One of the greatest joys in my life remains the feeling I get when stumbling upon a small winery whose name rings no bells, but who produces excellent wines. I don't know why this is, exactly, but it has replaced the childish joy I used to experience as a young boy when finding a small crystal on a hike, or setting a new personal record for stone skipping on a pond.
Little wineries with high quality wines are like buried treasure, I guess, but these days my goal is not to hoard but to share as widely as possible.
Which brings me to my latest find: Cooper-Garrod Vineyards, a 3,000 case production winery nestled in the hills above Saratoga, CA. I discovered this winery as I have several others -- at a trade tasting, moving from one table to the next. I make a point to taste wineries that I have never heard of at such events, especially when the tasting is a manageable size.
So there I was at a Santa Cruz Mountains Wineries Association tasting, standing in front of a table with a lineup of bottles with rather non-descript labels, holding out my glass for a pour. About halfway through the lineup of bottles I started to realize that these wines were all well above average in quality, some were truly excellent, and all of them had a personality that spoke of meticulous winemaking with very little fancy technique. By the time I finished all the wines, I was pretty excited.
Cooper-Garrod Vineyards represents the agricultural legacy of the Garrod Family, who purchased a modest 120 acres of land in 1893 that looked down on the spreading orchards that covered much of what is today known as Silicon Valley. The land they purchased was itself orchard land, and the family settled down to making a living growing apricots and prunes like many of the other farmers in the area.
Exactly 100 years later, the granddaughter of those early farmers, Louise Garrod, along with her husband, George Cooper, established a commercial winery on the property. The farm had been planted with grapevines since 1973 when George, a WWII fighter pilot and NASA test pilot retired and decided to keep himself busy making a little wine for the family. Cooper was lucky enough to befriend legendary winemaker Martin Ray, who was one of the pioneers of single varietal winemaking in California, and helped establish the Santa Cruz Mountains as a serious winemaking region in the 1930's and 40's. With Ray's help, Cooper became more than competent as a winemaker over the next twenty years, and in 1993, with the help of his eldest son, Bill Cooper, and his nephew Jan Garrod, the family established the small winery that they still run today.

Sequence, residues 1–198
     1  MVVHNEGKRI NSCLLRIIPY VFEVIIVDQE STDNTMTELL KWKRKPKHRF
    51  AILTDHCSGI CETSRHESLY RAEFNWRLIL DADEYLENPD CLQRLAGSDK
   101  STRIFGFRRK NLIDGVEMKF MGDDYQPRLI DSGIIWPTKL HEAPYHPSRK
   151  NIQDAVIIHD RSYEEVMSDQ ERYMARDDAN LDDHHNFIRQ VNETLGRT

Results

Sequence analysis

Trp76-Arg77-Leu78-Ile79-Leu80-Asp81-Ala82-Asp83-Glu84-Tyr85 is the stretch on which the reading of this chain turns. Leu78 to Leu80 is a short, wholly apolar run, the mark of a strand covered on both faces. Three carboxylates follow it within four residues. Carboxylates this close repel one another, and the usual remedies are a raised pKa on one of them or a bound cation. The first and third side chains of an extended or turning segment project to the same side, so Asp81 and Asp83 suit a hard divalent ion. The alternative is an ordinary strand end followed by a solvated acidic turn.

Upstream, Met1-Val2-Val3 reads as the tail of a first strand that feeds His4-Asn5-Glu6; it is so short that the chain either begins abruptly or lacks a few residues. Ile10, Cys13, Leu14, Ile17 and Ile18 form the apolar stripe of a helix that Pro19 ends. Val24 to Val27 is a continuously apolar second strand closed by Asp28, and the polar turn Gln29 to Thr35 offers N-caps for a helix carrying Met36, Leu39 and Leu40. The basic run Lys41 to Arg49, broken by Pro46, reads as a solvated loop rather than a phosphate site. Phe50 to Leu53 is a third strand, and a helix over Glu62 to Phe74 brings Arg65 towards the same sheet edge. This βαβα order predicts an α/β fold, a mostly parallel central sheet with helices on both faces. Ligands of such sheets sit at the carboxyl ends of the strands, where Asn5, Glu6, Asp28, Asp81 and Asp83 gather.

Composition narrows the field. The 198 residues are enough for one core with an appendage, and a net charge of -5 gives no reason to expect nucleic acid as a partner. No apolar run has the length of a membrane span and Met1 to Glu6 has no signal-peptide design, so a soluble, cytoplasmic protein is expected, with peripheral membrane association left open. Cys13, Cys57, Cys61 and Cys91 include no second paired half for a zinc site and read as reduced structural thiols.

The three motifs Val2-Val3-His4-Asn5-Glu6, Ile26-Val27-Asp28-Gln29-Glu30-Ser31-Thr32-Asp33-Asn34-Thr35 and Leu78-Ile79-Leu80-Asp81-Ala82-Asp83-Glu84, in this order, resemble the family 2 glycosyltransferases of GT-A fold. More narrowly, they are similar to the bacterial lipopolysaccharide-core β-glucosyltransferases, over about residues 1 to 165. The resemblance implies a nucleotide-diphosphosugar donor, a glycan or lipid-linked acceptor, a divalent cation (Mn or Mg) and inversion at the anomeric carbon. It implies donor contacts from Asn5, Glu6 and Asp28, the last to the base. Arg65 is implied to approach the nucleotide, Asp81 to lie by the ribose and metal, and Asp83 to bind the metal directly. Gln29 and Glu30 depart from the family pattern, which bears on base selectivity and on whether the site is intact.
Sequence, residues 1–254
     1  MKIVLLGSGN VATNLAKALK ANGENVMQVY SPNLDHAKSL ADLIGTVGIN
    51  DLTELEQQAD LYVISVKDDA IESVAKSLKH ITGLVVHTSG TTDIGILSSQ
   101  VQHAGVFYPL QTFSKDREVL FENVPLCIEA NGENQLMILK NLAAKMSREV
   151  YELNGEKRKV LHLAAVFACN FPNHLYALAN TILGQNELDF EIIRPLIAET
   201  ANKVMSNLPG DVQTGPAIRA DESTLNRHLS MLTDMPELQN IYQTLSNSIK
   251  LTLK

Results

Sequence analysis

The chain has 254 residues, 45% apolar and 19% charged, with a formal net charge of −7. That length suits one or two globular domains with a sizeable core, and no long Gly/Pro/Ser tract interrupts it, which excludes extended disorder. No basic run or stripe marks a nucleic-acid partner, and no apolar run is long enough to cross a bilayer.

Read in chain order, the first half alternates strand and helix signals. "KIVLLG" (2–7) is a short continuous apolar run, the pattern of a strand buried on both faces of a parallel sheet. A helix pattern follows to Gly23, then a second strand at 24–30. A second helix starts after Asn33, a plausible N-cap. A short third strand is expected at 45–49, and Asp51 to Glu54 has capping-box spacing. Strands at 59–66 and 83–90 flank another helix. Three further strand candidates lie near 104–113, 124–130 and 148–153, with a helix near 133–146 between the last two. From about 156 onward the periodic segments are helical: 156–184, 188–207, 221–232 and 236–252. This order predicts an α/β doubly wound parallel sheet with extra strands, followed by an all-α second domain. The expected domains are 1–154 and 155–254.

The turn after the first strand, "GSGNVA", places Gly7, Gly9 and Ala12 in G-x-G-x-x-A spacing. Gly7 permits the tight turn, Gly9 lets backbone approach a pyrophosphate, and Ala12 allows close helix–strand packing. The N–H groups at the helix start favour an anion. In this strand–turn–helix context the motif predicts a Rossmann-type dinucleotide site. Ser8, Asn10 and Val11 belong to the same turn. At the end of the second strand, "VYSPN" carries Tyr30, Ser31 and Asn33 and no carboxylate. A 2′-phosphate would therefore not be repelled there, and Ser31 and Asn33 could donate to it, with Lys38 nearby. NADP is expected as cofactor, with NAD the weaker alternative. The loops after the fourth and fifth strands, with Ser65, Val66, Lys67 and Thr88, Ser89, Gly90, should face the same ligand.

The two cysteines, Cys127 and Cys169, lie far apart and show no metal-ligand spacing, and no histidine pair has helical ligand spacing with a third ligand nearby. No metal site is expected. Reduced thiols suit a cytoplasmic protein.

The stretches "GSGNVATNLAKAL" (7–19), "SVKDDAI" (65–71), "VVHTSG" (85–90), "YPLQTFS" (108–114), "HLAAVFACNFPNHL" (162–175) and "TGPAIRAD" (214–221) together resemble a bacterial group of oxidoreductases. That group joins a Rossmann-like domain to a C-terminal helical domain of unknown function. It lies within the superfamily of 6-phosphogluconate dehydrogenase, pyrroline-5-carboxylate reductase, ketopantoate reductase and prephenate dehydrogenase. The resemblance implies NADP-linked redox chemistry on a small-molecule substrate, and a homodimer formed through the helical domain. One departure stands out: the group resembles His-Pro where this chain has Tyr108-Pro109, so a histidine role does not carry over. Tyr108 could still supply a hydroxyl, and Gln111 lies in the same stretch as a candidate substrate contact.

The family estate is planted with 28 hillside acres of completely dry-farmed grapes, a little less than half of which are planted to Cabernet Sauvignon, with the rest split somewhat evenly between Cabernet Franc, Chardonnay, and Syrah with a tiny bit of Viognier and Merlot thrown in. As with many such family operations, the grapes are all picked by hand before being meticulously sorted, destemmed and crushed. They are fermented in small lots, often with "native" yeasts and the red wines are laboriously punched down by hand (a process in which the floating fruit and skins are pushed down into the fermenting juice to circulate air and extract color from the skins) at least four times daily. I also believe most are bottled unfined and unfiltered.
The winery produces several wines, including a Chardonnay, a Syrah, and four Cabernet and Cabernet Blends, which they release "when they're ready." Perhaps influenced by Martin Ray, who was a proponent of extended aging, George and Bill Cooper tend to let their wines sit a bit longer both in Oak and in bottle before release.
Cooper-Garrod's wines are generally made in what most would consider an Old World style. They are restrained rather than brash, and some might even be mistaken for French Bordeaux if tasted blind. Anyone interested in honest wines that are good values and testaments to the quality of modern winemaking in the Santa Cruz Mountains should most certainly seek them out.
Full disclosure: I received these wines as press samples.
Click the wine name for purchase sources
2005 Cooper-Garrod Vineyards "Randall Grahm Clone" Viognier, Santa Cruz Mountains